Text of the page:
Toad in the Hole
August 03, 2006
One reason birds are so striking is that most of their colors aren't just pigment. With a few exceptions, those deep, other-dimensional blues and dazzling reds and all that are structural color, produces prismatically by their feathers. The first time I saw a white-faced ibis in good light -- well-lit by the sun behind me -- I was blown away. White-faced ibises look almost exactly like glossy ibises, but for a thin white band curving around the base of the bill in breeding adults. They hang out in fields and damp spots in the San Joaquin Valley and north of here; I've seen them around Davis, and flying across I-5, and in the mid-Valley refuges and in Oregon. And they're one of the big attractions of Sierra Valley, one of our usual day tours from Yuba Pass.
Someday I'll get a good shot of one, but so far these are my best.
This one was limping around a field just off the Marble Springs Road Bridge.
You can see the lame leg dangling as the bird takes off.
It didn't seem to slow it down much.
Look at the biggest size of this you can fit on your browser, and dig those iridiscent colors, the burgundy/rust and the blue/green/black/etc. I think this is a juvenile, because the head isn't quite that deep wine color yet.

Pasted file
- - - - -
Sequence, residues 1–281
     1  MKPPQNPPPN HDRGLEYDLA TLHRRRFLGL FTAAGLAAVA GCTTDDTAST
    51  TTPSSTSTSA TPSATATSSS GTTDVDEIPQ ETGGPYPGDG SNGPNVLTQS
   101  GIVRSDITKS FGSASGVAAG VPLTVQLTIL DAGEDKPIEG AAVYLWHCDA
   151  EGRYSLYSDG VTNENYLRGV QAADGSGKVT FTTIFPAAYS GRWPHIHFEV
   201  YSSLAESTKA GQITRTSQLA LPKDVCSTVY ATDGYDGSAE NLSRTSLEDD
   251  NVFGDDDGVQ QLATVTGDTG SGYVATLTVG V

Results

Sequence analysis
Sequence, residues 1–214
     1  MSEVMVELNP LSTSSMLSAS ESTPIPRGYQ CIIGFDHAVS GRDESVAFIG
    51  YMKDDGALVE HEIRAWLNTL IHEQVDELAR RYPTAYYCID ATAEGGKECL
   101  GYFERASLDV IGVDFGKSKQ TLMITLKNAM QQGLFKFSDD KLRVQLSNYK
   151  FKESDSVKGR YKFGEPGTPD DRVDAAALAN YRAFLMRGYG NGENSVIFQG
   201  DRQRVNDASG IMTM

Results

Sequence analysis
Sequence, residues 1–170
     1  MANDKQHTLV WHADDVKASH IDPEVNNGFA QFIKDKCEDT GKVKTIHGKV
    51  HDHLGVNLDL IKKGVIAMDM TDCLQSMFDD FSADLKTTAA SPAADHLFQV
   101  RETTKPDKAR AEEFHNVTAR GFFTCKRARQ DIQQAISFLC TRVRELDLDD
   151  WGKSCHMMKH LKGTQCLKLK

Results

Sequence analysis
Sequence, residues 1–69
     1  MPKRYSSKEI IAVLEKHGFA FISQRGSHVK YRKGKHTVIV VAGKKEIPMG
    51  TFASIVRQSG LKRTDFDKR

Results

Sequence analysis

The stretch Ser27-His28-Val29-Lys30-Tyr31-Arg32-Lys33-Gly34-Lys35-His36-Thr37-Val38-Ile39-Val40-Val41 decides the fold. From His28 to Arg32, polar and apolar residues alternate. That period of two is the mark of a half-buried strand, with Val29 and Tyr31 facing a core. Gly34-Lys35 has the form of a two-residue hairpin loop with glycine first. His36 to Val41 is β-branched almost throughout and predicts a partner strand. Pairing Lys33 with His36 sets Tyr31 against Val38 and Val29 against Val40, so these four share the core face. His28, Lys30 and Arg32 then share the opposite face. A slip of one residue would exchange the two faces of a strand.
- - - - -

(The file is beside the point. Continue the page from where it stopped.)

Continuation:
The most amazing thing I saw about this bird was thirty-plus years ago, when some Audubon Society field trip maven handed an ibis feather around for us all to look at. Every color that's in the bird -- black, blue, indigo, bottle green, deep red, oxblood, iron oxide, burgundy, gold, flashbulb -- was in that feather, as I turned it in the light. A chromatic hologram!Posted at August 3, 2006 03:36 AM
That second picture is wonderful. You can see the whole line of the creature, that bill, those wings. Really something.
Posted by: Sara at August 3, 2006 02:38 PM
Thanks, Sara. And it was in large part just dumb luck and good old autofocus.
Posted by: Ron at August 5, 2006 01:47 AM